Is Neptune a planet?
Neptune is the eighth and last planet in the solar system and the smallest of the four gas giants (large planets primarily composed of different gases instead of rock or any solid material), the others being Jupiter, Saturn and Uranus.
Where is Neptune situated in the solar system?
Neptune is the farthest planet from the sun, followed by Pluto. But, the latter is no longer considered a planet, leaving Neptune to be counted as the last planet in our solar system.
When was the planet Neptune discovered?
Neptune is the first planet to be discovered through mathematical calculations before it was actually observed by German astronomer Johann Gottfried Galle in the year 1846.
Who discovered Neptune?
Following the discovery of the planet Uranus (1781), astronomers noticed that the planet was not moving exactly as expected. French mathematician Urbain Joseph Le Verrier then proposed the existence of another hitherto unknown planet that might be the reason behind the unexpected movements of Uranus. However, all French astronomic organizations ignored this theory, forcing Verrier to contact Johann Galle who first observed the new planet from the Berlin Observatory. Triton, the first and largest satellite of Neptune, was discovered only seventeen days after the discovery of the planet itself.
How was Neptune named?
The first five planets visible to bare human eyes were named by ancient Romans after their Gods. So, when the rest of the planets were discovered with the use of telescope, astronomers considered following the same tradition to continue naming the planets after mythological deities. Several names were proposed for the planet after its discovery, including Janus (proposed by Johann Galle) and Oceanus. But then Verrier claimed the right of naming the planet as its discoverer and named it Neptune after the Roman God of the seas.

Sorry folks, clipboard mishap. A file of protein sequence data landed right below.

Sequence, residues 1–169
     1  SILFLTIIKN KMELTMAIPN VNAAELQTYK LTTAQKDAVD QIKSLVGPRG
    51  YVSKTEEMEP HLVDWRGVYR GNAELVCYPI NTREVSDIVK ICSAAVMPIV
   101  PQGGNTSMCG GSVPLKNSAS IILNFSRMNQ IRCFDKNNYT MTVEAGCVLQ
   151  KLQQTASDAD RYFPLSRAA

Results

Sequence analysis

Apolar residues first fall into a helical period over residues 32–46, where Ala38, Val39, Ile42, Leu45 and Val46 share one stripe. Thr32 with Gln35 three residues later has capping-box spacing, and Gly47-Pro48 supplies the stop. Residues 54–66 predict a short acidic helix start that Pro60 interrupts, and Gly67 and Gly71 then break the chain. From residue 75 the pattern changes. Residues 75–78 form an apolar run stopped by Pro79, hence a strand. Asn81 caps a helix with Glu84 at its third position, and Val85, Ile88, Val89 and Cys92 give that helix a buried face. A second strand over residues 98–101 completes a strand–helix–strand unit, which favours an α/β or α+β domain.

Composition and atmosphere of Neptune
Neptune’s atmosphere mainly comprises of hydrogen, helium and a smaller amount of methane.
What is the size and diameter of Neptune?
It is the fourth largest planet in the solar system with a radius of 24,622 km (15,299 miles) and a diameter of 49,500 km (30757.9 miles). The enormous planet has a volume of 6.25 x 1013 km3 and circumference of 155,600 km (96,685 miles).
How much does Neptune weigh?
The planet is ranked at the third position (ahead of Uranus) in terms of total mass, weighing 1.02 x 1026 kilograms.
10 interesting facts about Neptune
- Neptune was the last planet to be discovered because of its great distance from the sun.
- The gas giant is 3.9 times larger than our Earth in terms of diameter, meaning you could fit 4 Earths side by side to match its diameter.
- Its volume is 58 times that of the Earth.
- Neptune was named after the Roman Sea God because of its azure blue coloration that results from the methane gas in its atmosphere (methane absorbs the color red and reflects the shades of blue).
- Like other gas giants, Neptune has multiple rings around it. Six rings having varying thicknesses have been discovered so far; but astronomers believe them to be relatively young and short-lived than those of other similar planets.
- This planet has the wildest weather in our entire solar system. Its winds are about 9 times stronger than those of the Earth and 3 times stronger than Jupiter’s. It is also the coldest planet.
- Its surface gravity is 110% that of the Earth, meaning a person weighing 100 lbs on Earth would weigh 110 lbs on Neptune.
- The surface of the planet is made of gas and ice (possibly with a solid core), so it is impossible to stand on its surface without drowning.
- Due to the great distance, Neptune takes much longer than Earth to travel around the sun. So, while one Earth year consists of 365 days, one Neptunian year consist of 60,190 Earth days or 164.79 Earth years.
- The only time this planet has been visited by mankind was on the 25th of August, 1989, when NASA’s Voyager 2 passed within three thousand kilometers of its north pole.
|Distance from the sun||4,503,000,000 km (2,798,000,000 miles)|
|Distance from Earth||4,300,000,000 km (2.7 billion miles, at their closest, lining up on one side of the sun)|
|Orbit period||165 earth years (60,225 earth days)|
|Largest satellite||Triton (about the size of our own moon)|
|Surface temperature||-201 °C (-393.8 °F)|
|Mean density||1.638 g/ cm3|